From the time I was born I’ve always felt autistic and I can remember every day of my life. As a toddler I enjoy organizing the cutlery drawer, reading the street directory and doing jigsaw puzzles. I did that so often I hardly ever played with my more “age appropriate” toys. Cuddling and showing any other form of affection has always been unnatural to me. Whenever someone tried to hug me, I screamed in fright. The same thing happened if I was given a plastic cup which was an unexpected color.
Mum strongly felt I had autism, so at the age of 6 she took me along to get assessed by a psychologist. Despite having virtually all of the classic characteristics, we were told I couldn’t be autistic due to the fact I had a separation anxiety disorder with my mum. They also said my unusual characteristics were a result of stress from my parents’ divorce and I would outgrow them all. I continued to receive psychotherapy for childhood depression, but it was treated as a temporary aid.
I struggled with school and had no extra support in the classroom. Once, I was awake until the early hours of the morning (for three nights in a row) completing an assignment. On the third night, I finally managed to complete it and went to bed smiling because I was so happy with myself. Yet, I sobbed the next day because I was given a detention for not reaching the standard which the teachers called acceptable.
At the age of 15 (in 2005) mum insisted on getting me assessed once again for autism, and this time I came out with a diagnosis. Everyone in the room was in agreement it was unfortunate this had come so late in my childhood and especially school career. Yet, we were told it was common for females to miss a diagnosis because ASD traits can express themselves differently for us.
My early adult years were the hardest of my life. I was depressed because I had no idea who I was or where my passions lay. Due to my depression, I was unable to think about my future at all. Instead, I was intensely fixated on my past.
In early 2011 my parents called me inside the house to watch a “60 Minutes” episode about a group of people who had Highly Superior Autobiographical Memory (HSAM). The people in the show were able to relive every day of their life since childhood in precise detail. I thought that kind of memory was completely “normal” and I couldn’t understand why the story was describing it as incredible.
My mum and stepdad believed I too, had HSAM and asked if it was OK to send the University of California, Irvine — who were studying the people in the segment — an email. I wasn’t expecting a response because I knew our email would be one of millions, we live all the way in Australia, and I certainly wouldn’t consider myself a “lucky” person.
Amazingly, I did receive a reply in a mere two weeks.
After a variety of thorough tests, the UCI officially diagnosed me with HSAM in May 2013. I do most talks with the McGaugh/Stark lab over Skype (in the early hours of the morning Brisbane time). Occasionally I visit them in California and get to enjoy the Universal and Disney parks. Since May of 2016 the Queensland Brain Institute/University of Queensland has been doing a study of my case simultaneously.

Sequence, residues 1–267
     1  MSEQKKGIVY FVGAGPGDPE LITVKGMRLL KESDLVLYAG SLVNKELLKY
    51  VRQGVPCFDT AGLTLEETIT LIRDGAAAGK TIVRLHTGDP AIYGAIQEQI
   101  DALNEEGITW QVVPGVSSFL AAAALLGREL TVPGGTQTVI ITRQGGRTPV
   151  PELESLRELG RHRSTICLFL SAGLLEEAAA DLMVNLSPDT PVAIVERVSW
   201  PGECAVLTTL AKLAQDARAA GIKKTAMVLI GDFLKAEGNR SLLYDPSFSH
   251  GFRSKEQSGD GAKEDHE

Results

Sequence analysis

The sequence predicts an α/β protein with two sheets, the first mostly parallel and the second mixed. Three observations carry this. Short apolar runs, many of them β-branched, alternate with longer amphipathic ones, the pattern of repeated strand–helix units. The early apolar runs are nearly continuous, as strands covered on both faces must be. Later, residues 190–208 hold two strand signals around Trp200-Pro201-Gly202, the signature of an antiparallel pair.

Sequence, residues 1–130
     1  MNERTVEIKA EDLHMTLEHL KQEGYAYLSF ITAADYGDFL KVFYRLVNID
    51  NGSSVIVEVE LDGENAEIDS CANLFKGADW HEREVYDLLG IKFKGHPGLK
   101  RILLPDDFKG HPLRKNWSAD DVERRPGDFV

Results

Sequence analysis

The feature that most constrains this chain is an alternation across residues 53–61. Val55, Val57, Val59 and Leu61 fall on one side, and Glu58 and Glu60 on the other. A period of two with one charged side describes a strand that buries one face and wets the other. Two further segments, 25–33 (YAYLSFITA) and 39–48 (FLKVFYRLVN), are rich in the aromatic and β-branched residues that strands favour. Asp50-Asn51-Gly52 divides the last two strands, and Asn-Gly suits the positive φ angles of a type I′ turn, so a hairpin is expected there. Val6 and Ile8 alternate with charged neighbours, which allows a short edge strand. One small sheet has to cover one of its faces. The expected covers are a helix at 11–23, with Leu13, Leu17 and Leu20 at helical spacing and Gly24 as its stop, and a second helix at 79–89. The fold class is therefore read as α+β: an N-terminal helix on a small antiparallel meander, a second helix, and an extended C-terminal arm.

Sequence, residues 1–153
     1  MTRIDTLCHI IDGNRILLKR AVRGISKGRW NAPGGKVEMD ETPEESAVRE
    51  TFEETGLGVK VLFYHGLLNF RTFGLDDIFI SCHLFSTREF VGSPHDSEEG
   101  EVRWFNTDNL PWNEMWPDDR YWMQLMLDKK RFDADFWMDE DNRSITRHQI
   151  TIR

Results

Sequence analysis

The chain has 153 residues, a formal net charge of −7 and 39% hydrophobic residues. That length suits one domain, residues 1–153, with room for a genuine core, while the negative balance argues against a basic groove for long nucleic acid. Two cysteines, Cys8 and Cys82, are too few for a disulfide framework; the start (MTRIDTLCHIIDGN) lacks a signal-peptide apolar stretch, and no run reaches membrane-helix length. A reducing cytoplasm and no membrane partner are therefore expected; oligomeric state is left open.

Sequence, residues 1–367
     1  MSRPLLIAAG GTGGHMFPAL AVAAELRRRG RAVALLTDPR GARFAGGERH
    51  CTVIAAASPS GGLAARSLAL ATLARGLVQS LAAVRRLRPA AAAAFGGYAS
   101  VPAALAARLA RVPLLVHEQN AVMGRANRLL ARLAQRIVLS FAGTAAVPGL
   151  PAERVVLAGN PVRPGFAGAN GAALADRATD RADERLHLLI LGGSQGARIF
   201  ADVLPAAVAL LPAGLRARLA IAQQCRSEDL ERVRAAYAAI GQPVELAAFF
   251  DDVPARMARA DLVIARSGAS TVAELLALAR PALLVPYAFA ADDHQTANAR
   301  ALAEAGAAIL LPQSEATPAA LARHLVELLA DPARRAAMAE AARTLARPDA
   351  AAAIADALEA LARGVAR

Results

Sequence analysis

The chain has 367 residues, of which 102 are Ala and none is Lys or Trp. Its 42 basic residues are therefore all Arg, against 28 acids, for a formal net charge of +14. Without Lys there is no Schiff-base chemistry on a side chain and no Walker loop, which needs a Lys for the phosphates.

My involvement in research has also gotten me into a few media stories. In October of 2015 “Press Association” wrote an online article about my HSAM and autism (in addition to me being so obsessed with Harry Potter that I’m able to recite the books each night to enable me to fall asleep).
Little did I know within six hours that story went viral worldwide, and all throughout the next day media were contacting me from everywhere. “Good Morning Britain” decided to have me featured on their show, so my family and I were told to be at our local television station in just a few hours time. The story aired via a cross-studio broadcast. I was also featured on “Channel Seven News” here in Australia and “Sunrise.”
I must mention here live television is terrifying beforehand but feels great while on air and afterward (much the same as how HSAM research tests and public talks at seminars feel to me).
There have also been a fair few magazine stories I’ve been in, including “Woman’s Day,” “Take 5,” “Logan Magazine” and “Real People UK.” When it comes to newspaper articles, the list is enormous. Many newspapers from around the world picked up on the “Press Association” story, and it’s been featured in articles of — literally — every language.
Most recently I was featured in a “60 Minutes Australia” story alongside another participant in the UCI’s HSAM research study, Markie Pasternak. Part of the epsiode was filmed in my house, and the other half was filmed in the United States. This included footage of me at the University of California Irvine, and also at the new Harry Potter park at Universal Hollywood.
As a career, I blog for a company called “SpecialKids.Company.” In addition to making and selling purpose-made clothes for children with disabilities, they also provide written support for people of all ages with disabilities (including autism). I’m also doing public talks on the topics of human memory, autism and anxiety.
I can be found on Facebook under “Teens and Adults on the Autism Spectrum.” At this moment we’re an online support group where our family shares articles, posts news, and I myself do monthly webinars. We’re hoping our community will eventually grow further so we can expand our support into the offline world. Our content is 100% G-Rated. Though our main focus is to help autistic people in the age groups who get overlooked in mainstream funding.
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